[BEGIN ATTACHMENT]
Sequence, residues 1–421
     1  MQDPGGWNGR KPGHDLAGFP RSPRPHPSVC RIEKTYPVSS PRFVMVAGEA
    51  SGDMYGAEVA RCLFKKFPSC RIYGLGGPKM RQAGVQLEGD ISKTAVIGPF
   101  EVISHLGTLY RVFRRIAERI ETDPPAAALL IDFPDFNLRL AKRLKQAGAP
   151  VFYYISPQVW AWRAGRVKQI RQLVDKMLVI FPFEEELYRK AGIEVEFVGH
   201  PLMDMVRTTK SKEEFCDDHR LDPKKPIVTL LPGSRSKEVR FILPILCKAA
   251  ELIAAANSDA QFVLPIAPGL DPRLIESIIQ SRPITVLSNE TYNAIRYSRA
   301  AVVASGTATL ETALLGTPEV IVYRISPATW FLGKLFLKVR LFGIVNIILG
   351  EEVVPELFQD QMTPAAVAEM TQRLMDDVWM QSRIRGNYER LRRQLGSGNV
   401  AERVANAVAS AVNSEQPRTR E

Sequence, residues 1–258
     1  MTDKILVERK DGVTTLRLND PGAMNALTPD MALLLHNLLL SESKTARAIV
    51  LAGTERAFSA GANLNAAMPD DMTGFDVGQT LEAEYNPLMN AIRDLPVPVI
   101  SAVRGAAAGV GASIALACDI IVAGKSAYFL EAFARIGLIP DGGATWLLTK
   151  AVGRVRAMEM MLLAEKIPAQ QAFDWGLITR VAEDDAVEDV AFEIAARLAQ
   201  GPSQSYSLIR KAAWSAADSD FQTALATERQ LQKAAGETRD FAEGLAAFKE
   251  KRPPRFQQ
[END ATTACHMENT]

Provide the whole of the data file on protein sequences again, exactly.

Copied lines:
Sequence, residues 1–421
     1  MQDPGGWNGR KPGHDLAGFP RSPRPHPSVC RIEKTYPVSS PRFVMVAGEA
    51  SGDMYGAEVA RCLFKKFPSC RIYGLGGPKM RQAGVQLEGD ISKTAVIGPF
   101  EVISHLGTLY RVFRRIAERI ETDPPAAALL IDFPDFNLRL AKRLKQAGAP
   151  VFYYISPQVW AWRAGRVKQI RQLVDKMLVI FPFEEELYRK AGIEVEFVGH
   201  PLMDMVRTTK SKEEFCDDHR LDPKKPIVTL LPGSRSKEVR FILPILCKAA
   251  ELIAAANSDA QFVLPIAPGL DPRLIESIIQ SRPITVLSNE TYNAIRYSRA
   301  AVVASGTATL ETALLGTPEV IVYRISPATW FLGKLFLKVR LFGIVNIILG
   351  EEVVPELFQD QMTPAAVAEM TQRLMDDVWM QSRIRGNYER LRRQLGSGNV
   401  AERVANAVAS AVNSEQPRTR E

Sequence, residues 1–258
     1  MTDKILVERK DGVTTLRLND PGAMNALTPD MALLLHNLLL SESKTARAIV
    51  LAGTERAFSA GANLNAAMPD DMTGFDVGQT LEAEYNPLMN AIRDLPVPVI
   101  SAVRGAAAGV GASIALACDI IVAGKSAYFL EAFARIGLIP DGGATWLLTK
   151  AVGRVRAMEM MLLAEKIPAQ QAFDWGLITR VAEDDAVEDV AFEIAARLAQ
   201  GPSQSYSLIR KAAWSAADSD FQTALATERQ LQKAAGETRD FAEGLAAFKE
   251  KRPPRFQQ